[CentOS] Re: Ideas for stopping ssh brute force attacks
ssilva at sgvwater.com
Tue Jul 22 23:26:08 UTC 2008
on 7-22-2008 2:45 PM Les Bell spake the following:
> "David Dyer-Bennet" <dd-b at dd-b.net> wrote:
> Yes, but if there are *any* ports exposed, seems like those are equally
> Sort of. Changing the port used by sshd stops the completely clueless
> script kiddies, since they don't even bother looking at anything other than
> port 22. Putting it way up high, among the ephemeral ports, will slow down
> the slightly more clueful who perform nmap scans, since nmap only scans
> around 1500 ports by default, and if sshd isn't running on one of those,
> they won't spot it.
> However, it won't deter the intelligent or curious attacker; these guys
> will scan all ports (slowly, so you may not even notice them) and they will
> use banner enumeration to identify the services, rather than assuming.
> Moving sshd to a non-standard port is one of the worst examples of relying
> on security by obscurity. Its only advantage is that it cuts out some noise
> in the logs, but proper precautions do that as well, without lulling you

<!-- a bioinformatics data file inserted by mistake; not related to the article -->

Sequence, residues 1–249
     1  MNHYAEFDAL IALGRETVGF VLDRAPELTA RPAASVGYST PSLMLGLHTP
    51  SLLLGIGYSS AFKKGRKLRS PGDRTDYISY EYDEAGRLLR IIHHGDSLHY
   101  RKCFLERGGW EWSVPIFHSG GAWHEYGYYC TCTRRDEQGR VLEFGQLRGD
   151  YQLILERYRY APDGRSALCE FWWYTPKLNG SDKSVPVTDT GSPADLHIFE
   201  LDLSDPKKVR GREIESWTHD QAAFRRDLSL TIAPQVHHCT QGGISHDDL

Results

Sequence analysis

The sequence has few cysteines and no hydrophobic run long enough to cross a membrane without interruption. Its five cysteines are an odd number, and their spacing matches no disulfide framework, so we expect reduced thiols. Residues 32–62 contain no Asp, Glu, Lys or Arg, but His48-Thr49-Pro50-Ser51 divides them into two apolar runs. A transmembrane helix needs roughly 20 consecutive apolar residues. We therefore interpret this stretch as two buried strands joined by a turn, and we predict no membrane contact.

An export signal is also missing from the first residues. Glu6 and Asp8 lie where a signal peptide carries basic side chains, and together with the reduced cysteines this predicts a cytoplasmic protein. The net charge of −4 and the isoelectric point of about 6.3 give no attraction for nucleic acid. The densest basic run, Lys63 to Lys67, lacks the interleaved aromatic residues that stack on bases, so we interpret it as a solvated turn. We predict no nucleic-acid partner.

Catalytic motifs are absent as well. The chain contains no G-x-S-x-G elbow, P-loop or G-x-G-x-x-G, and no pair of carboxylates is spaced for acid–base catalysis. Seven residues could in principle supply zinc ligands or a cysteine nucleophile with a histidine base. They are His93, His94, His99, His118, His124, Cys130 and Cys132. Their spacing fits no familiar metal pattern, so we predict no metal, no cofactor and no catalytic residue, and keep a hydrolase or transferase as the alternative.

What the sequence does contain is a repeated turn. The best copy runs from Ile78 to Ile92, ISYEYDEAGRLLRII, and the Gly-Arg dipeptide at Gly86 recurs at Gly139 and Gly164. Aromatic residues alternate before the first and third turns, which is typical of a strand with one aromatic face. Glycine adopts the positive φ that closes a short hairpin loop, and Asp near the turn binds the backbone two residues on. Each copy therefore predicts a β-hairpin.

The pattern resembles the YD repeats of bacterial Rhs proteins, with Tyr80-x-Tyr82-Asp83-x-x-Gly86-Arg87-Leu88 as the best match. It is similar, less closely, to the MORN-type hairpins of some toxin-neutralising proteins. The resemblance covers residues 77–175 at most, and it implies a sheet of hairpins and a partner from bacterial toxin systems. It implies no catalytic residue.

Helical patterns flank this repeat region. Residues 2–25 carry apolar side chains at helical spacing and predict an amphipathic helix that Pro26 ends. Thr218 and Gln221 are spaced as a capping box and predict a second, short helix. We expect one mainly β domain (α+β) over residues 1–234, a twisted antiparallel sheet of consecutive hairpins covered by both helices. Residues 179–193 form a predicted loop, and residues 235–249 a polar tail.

> into a false sense of security. Rate limiting, combined with enforcement of
> really strong passwords, or even better, public/private key authentication,
> is real security.
> A useful additional layer of defence, if you want it, is a daemon that will
> watch for port scans on the simple services ports and immediately insert a
> firewall rule to block that source - such as the old PortSentry, if you can
> find it, or some more modern equivalent. Of course, this won't do much to
> defend against some types of stealthy scans, such as idle time scans.
Portsentry is still available on sourceforge I believe. But who knows if it
will still work or even compile. It was written back in the 2.2 kernel days.
MailScanner is like deodorant...
You hope everybody uses it, and
you notice quickly if they don't!!!!
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